What Do I Need to Tell a Home Health Aide?
They are with your family at their most vulnerable moments. You entrust them with the health and well being of the people you cherish most. You depend on their expertise and their compassion to guide you through some of life's most difficult decisions.
But it's not always easy to talk with your home health aide about what you and your loved ones need.
You may feel reluctant to discuss your concerns with someone you have only just met. You may worry that your comments will be taken as criticism. You may worry that your questions take too much of the aide's time.
You may not even be certain what is relevant to discuss regarding your loved one's care and what is not.
However, effective communication with your loved one's healthcare providers can not only improve the quality of their care, but it may also save your loved one's life.
Read on for strategies you can use to communicate more effectively with your loved one's home health aide!
Start by Asking a Lot of Questions
No matter whether it's done in a hospital or at home, giving and receiving care is a very intimate act. It requires trust and openness from everyone involved.
This can be tough, however, when the one caring for your loved one is a virtual stranger. That is why choosing the right home health aide is so important.
It all begins with the hiring process. You want to ensure that the person you choose to care for your loved one is not only trustworthy but will also meld well with your family.
Most importantly, you will want to make sure that this is someone your loved one will feel comfortable with.
After all, they're going to be spending a lot of time together, possibly including some of life's most personal moments, from toileting to bathing. You'll want to ensure that they're compatible.
So ask lots of questions and seek out lots of references, both personal and professional. Take the time to get a feel for the person, both their character and their personality.
If you pick the right person, you are very likely picking someone who will end up being not just a caregiver to your loved one, but also a companion and a friend.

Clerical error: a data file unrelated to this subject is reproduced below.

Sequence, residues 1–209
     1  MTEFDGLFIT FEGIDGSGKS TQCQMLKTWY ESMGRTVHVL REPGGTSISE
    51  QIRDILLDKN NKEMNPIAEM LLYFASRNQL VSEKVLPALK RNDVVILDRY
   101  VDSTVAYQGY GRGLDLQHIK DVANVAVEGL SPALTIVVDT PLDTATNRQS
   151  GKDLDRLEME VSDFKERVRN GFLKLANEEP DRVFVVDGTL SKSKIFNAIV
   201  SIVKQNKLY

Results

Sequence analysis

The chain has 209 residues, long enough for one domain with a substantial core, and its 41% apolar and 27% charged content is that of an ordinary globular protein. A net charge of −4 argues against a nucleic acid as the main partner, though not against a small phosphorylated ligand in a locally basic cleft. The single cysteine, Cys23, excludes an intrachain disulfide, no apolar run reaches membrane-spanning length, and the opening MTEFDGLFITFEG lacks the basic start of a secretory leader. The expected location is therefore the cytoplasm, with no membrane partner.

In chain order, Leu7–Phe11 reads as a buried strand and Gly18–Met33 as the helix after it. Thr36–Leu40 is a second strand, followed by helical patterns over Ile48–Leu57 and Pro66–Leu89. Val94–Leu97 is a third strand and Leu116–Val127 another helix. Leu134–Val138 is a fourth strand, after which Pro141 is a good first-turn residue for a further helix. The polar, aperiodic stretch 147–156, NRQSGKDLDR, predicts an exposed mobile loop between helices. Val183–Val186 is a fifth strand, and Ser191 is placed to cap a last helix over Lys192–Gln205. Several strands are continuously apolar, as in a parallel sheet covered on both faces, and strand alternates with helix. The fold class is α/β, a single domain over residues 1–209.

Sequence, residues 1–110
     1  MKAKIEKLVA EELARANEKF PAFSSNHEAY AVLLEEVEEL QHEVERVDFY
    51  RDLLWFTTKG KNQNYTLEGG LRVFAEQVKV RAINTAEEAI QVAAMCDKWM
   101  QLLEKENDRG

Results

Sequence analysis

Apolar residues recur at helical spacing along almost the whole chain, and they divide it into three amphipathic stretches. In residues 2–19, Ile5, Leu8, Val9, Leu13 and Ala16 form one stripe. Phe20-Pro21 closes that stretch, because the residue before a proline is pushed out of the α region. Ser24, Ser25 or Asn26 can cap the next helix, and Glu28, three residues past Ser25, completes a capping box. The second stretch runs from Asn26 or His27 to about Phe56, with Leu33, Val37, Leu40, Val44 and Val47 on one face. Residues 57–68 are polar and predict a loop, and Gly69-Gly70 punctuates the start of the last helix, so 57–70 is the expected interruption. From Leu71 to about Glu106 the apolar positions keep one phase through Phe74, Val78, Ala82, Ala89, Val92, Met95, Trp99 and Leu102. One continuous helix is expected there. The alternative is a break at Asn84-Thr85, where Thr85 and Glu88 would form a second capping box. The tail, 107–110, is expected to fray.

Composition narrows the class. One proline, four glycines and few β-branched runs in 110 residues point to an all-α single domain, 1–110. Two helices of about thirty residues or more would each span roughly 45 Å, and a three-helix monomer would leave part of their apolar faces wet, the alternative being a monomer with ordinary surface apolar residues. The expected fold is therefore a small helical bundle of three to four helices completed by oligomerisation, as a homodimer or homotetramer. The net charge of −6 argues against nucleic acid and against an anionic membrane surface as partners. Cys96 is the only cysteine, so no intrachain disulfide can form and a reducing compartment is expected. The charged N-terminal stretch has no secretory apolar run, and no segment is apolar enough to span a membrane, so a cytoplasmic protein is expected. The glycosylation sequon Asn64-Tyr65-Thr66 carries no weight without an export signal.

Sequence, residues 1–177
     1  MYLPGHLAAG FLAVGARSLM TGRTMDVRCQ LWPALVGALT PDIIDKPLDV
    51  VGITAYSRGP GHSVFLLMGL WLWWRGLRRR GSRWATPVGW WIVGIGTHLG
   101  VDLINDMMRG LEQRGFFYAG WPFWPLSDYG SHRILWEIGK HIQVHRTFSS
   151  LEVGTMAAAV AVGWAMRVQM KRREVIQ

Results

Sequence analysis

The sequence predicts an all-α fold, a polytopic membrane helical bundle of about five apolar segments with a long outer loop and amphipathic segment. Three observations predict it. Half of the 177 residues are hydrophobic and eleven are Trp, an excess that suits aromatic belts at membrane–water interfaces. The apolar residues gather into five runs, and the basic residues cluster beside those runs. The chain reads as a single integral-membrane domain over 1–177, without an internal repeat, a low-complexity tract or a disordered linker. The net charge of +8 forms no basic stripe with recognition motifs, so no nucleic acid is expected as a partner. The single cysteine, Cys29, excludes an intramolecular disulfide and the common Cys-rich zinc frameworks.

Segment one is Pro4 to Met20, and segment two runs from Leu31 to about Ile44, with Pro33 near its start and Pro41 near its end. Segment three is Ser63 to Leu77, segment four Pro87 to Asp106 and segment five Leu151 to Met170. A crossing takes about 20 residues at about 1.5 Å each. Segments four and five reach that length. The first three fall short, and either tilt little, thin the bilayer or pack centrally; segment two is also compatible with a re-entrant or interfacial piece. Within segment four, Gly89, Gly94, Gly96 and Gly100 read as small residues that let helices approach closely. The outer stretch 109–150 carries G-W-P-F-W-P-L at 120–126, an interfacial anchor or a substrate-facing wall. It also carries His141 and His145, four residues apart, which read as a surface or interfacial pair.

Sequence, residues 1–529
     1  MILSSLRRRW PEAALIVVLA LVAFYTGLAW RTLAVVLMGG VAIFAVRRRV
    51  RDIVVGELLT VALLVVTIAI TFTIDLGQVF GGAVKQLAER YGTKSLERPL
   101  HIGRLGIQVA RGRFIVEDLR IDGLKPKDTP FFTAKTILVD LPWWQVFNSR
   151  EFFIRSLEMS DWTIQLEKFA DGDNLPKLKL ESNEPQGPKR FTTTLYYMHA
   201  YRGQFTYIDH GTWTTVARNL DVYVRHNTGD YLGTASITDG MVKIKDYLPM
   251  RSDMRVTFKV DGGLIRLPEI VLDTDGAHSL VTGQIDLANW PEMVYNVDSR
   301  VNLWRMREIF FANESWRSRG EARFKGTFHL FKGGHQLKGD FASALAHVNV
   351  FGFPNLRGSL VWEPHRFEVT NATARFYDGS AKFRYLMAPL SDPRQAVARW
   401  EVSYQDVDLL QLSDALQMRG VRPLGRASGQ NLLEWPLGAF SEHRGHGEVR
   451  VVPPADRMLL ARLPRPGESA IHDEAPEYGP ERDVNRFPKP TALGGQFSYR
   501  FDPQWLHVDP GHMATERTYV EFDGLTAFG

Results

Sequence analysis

A Home Health Aide Is All About the Caring
When you have concerns about what to discuss with your home health aide, just remember that it's all about your loved one.
Never hesitate to share with your aid anything that you think will improve the quality of care she or he can provide.
That means, of course, being as concrete and specific as possible about your loved one's medical history. But it's also about more than that. It's about helping your aide to understand who your loved one is and what she needs and wants.
Don't be afraid to discuss cultural and religious differences. Talk about little traditions within the family. Describe your loved one's little personal quirks, habits, and preferences.
Those are the kinds of details that make all the difference when it comes to caring.
The Little Things Matter
One of the biggest hurdles to effective communication is the fear that we are taking too much of the aide's time, that we're obsessively focusing on little things that don't matter.
But when it comes to the care of your loved one, everything matters. It's all important. Keep those lines of communication open.
Discuss the things that may seem insignificant at the moment, the small changes, the minute shifts in behavior.
They may not seem to matter much now, but these can become vitally important details in the future.
Your aide and the team of health professionals she partners with may find in these small details, essential clues about the state of your loved one's physical, emotional, and psychological health.
When it comes to relationships, communication is always key. But it is especially important when it comes to the relationships between patients, families, and their home health aide.
Clear, open, and trusting dialogue with your loved one's care provider not only improve the overall quality of their care, but it will also help to build happier, healthier, and more enduring relationships between you, your family, and those who care for them.
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